Wall WA, Douglas NA, Hoffmann WA, Wentworth TR, Gray JB, Xiang Q-YJ, Knaus BK, Hohmann MG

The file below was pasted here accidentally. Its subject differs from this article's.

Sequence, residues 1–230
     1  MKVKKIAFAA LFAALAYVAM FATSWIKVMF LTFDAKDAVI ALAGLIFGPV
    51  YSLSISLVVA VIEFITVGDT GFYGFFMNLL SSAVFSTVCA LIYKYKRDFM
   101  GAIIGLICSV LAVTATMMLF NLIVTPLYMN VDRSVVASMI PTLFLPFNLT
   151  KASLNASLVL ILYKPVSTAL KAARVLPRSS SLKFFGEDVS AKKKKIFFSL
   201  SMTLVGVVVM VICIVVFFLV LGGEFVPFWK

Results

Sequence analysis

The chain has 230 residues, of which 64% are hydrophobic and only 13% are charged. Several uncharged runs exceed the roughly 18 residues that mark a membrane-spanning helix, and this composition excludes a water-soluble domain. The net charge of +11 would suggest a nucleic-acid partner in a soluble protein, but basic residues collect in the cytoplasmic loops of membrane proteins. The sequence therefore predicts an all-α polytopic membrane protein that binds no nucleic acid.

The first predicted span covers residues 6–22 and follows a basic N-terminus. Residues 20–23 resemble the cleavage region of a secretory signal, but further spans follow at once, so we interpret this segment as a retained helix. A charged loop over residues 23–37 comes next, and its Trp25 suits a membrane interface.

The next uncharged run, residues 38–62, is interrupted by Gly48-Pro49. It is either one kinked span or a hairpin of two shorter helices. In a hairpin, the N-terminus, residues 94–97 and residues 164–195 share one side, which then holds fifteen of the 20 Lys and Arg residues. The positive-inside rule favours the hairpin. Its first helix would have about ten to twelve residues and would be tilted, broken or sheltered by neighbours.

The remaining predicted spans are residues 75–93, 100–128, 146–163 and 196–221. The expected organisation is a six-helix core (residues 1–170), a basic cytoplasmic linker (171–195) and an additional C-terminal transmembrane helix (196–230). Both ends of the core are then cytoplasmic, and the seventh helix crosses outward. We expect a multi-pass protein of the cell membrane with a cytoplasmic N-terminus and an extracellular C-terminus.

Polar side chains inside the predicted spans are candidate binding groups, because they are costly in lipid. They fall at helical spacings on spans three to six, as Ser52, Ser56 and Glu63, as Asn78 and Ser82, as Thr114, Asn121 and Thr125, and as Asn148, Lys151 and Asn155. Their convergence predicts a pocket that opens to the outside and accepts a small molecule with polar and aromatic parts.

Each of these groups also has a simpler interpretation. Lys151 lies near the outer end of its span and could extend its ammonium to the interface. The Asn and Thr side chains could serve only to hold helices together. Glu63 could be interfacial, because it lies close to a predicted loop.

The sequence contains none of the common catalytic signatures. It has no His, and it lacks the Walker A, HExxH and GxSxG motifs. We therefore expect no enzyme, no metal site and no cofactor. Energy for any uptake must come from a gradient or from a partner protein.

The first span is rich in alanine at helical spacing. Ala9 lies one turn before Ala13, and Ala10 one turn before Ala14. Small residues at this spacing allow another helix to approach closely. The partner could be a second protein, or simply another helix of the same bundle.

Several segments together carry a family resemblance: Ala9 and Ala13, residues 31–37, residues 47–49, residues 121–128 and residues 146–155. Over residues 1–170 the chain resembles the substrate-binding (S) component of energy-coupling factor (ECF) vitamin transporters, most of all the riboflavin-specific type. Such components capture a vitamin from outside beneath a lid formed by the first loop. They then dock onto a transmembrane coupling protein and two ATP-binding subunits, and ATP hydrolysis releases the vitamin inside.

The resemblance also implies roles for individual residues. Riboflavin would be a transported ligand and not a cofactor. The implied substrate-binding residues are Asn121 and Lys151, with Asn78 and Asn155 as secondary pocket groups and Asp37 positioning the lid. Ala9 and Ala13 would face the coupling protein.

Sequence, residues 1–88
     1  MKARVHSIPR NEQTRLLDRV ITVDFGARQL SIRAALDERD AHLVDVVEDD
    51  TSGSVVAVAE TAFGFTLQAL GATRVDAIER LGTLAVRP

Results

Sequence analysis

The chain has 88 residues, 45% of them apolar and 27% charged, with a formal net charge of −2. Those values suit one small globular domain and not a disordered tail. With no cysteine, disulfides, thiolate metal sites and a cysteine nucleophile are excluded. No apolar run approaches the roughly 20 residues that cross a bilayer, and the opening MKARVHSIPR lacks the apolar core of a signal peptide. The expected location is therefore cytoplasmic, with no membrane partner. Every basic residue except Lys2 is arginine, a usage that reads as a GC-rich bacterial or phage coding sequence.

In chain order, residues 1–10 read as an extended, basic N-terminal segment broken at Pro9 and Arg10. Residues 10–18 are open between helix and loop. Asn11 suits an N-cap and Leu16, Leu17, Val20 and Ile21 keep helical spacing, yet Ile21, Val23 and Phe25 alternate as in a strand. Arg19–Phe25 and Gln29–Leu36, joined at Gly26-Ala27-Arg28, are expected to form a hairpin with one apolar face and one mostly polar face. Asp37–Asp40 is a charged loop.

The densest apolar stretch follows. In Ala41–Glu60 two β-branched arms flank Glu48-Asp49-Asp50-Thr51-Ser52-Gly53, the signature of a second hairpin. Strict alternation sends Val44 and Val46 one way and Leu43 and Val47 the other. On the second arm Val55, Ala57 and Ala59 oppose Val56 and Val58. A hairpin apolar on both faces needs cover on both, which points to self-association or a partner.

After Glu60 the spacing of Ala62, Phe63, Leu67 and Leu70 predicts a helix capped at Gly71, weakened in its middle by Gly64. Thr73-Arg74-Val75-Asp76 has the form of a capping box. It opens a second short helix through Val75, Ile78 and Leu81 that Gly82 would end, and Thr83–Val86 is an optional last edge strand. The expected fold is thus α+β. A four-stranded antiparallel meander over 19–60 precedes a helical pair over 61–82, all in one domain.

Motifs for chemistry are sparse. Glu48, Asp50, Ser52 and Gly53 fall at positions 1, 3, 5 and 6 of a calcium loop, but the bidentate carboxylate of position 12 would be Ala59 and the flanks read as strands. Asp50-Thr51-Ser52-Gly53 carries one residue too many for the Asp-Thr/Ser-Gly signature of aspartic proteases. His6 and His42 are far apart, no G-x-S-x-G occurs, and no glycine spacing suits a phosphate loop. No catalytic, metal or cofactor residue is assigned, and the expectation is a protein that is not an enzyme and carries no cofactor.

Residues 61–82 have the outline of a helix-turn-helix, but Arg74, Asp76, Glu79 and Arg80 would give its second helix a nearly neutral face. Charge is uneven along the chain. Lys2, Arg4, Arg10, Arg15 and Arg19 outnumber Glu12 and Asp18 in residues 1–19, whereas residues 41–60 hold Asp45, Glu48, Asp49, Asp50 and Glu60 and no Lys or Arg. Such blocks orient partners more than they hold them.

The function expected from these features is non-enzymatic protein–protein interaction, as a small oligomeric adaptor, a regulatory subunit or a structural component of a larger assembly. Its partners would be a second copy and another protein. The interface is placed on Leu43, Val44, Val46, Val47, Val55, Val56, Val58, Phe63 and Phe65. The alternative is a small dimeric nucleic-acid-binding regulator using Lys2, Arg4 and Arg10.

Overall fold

Genetic factors such as decreased genetic diversity and increased homozygosity can have detrimental effects on rare species, and may ultimately limit potential adaptation and exacerbate population declines. The Gulf and Atlantic Coastal Plain physiographic region has the second highest level of endemism in the continental USA, but habitat fragmentation and land use changes have resulted in catastrophic population declines for many species. Astragalus michauxii (Fabaceae) is an herbaceous plant endemic to the region that is considered vulnerable to extinction, with populations generally consisting of fewer than 20 individuals. We developed eight polymorphic microsatellites and genotyped 355 individuals from 24 populations. We characterized the population genetic diversity and structure, tested for evidence of past bottlenecks, and identified evidence of contemporary gene flow between populations. The mean ratios of the number of alleles to the allelic range (M ratio) across loci for A. michauxii populations were well below the threshold of 0.68 identified as indicative of a past genetic bottleneck. Genetic diversity estimates were similar across regions and populations, and comparable to other long-lived perennial species. Within-population genetic variation accounted for 92 % of the total genetic variation found in the species. Finally, there is evidence for contemporary gene flow among the populations in North Carolina. Although genetic factors can threaten rare species, maintaining habitats through prescribed burning, in concert with other interventions such as population augmentation or (re)introduction, are likely most critical to the long term survival of A. michauxii.